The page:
Devil’s Interview With Rick Scythe

I found out about Scythe recently while looking for more info on Rick Scythe’s former band Usurper. I wasn’t aware that they had broken up and was surprised to find out that Rick had started Scythe. His Myspace and Facebook pages had a couple of his new songs on them, so I listened to them and liked them enough that I wanted to hear more. Rick graciously agreed to be interviewed by me and it was a pleasure and an honor to speak with an underground death metal legend. If you are unfamiliar with Rick and his work and like blackened death metal, click on the links at the bottom of the page, check out Scythe and pre-order the debut album “Beware the Scythe”.

Thanks for doing this interview! Would you please start off by giving a bit of background information on yourself and how Scythe came to be? Also who are your influences?

RS: I’m Rick Scythe, I was the founder/songwriter of Usurper from 1993-2007. When Usurper broke up in 2007 I started this other short-lived band called Nightshade which was at the time just a 2 man project doing some stuff slightly different than Usurper. It was a good change of pace. Once that band broke up in 2009, I wanted to put out a solo record with different musicians on different songs.

I put the word out online, these 2 other guys joined forces, and it quickly went from a solo project to an actual band. Right when things were rolling with these two other guys, we lost our rehearsal spot and we dis-banded.. That’s when Dan (bass) and Tim (drums) entered the picture. These guys were in the live version of Nightshade in 2008-2009 and since we clicked musically, Scythe was re-animated with these two freaks as a full time band in late 2010.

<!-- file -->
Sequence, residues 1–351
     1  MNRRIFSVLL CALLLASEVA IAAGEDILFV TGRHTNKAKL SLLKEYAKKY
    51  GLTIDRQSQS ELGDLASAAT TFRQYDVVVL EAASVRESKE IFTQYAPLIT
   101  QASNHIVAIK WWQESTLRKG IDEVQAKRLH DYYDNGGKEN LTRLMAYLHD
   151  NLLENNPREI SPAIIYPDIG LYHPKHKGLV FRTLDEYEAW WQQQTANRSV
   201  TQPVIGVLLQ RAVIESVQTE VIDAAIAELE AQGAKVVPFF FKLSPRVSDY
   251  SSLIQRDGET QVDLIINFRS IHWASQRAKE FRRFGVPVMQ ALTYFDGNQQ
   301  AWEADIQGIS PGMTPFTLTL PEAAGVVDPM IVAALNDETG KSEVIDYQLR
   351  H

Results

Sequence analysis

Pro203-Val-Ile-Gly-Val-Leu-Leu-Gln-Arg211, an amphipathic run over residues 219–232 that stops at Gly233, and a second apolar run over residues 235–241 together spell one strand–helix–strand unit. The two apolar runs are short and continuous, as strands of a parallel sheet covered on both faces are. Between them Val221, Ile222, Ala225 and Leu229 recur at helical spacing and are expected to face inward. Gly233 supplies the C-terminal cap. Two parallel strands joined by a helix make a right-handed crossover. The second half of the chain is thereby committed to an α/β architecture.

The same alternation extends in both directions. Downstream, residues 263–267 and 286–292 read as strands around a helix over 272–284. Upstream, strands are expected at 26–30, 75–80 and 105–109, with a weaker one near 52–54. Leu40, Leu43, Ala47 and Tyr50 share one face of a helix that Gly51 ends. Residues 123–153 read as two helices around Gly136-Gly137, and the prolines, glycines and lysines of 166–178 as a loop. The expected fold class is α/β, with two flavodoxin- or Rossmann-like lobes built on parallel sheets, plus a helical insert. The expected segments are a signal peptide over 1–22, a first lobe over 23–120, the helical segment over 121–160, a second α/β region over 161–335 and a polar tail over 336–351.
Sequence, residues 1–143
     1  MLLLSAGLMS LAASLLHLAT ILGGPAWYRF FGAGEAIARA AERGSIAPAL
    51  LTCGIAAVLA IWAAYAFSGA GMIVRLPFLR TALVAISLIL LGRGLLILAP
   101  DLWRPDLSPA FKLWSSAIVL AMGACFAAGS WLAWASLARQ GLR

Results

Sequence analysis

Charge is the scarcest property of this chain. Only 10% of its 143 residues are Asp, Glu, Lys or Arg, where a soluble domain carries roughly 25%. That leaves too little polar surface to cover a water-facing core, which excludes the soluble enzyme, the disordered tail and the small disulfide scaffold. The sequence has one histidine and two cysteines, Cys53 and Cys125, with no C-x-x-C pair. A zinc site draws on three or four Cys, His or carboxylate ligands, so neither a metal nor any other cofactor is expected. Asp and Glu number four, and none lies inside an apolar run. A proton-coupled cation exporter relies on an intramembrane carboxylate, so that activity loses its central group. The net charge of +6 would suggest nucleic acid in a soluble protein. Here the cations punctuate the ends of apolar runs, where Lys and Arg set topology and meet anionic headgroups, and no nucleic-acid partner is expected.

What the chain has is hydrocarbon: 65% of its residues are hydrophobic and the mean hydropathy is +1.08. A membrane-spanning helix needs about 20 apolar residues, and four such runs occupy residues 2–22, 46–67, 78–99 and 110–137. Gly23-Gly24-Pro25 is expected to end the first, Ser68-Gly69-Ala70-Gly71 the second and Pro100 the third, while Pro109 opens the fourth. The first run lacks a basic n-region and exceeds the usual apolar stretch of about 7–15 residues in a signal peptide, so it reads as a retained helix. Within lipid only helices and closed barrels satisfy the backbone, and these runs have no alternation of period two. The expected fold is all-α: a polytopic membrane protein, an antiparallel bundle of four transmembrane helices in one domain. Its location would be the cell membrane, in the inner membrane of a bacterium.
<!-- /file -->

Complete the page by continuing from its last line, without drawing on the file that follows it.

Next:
Our influences range from Venom, Celtic Frost, Ted Nugent, Bulldozer, Sodom, Mercyful Fate, Blue Oyster Cult, King Diamond, Manowar, Asphyx, Unleashed, Usurper, Black Sabbath.

I’ve only been able to hear the new songs on your Facebook page and let me say: They kick some serious ass! I’m sure your new album is going to be awesome. Can you tell me a bit about how the new album sounds and any concept there may be to it?

RS: thanks for the positive words and support! The new album, BEWARE THE SCYTHE is an iron fist in the face of all trendy, weak music and a spikey gauntlet in the face of all hipster pretenders. Musically, it kind of took off where Usurper left off at first, but things kind of evolved into our own sound. We are kind of doing things a bit more straight forward; a thick wall of iron-fisted riffage, sing-a-long chorus’ and of course wall-to-wall death grunts! Every song is 100% headbangable and fist-bangable – that is the main priority.

Lyrically, BEWARE THE SCYTHE deals with a lot of weird, occult powers that have plagued mankind, since he first used… words. Every aspect of society is run by globalist occultists who have bloodlines that are tied to 13 Illuminati Families as well as ties to the Annunaki – and they have infiltrated everything from the politics of the ruling elite tyrants to bad pop culture. Everything in our society has occult roots, the age of witchcraft and occult powers have always run this planet so our songs deal with everything from the very early witch burnings, to modern occult ceremonies (like the Cremation of Care/Bohemian Grove), to the ancient giant races of Nifelheim/Annunaki that have been part of human evolution, to near-futuristic Satanic medical practices/robotic evolutions such as cyborg DNA/Chimera creations, to the rise of the New World Order and other end time prophecies. This planet of the humans we live in is a strange place.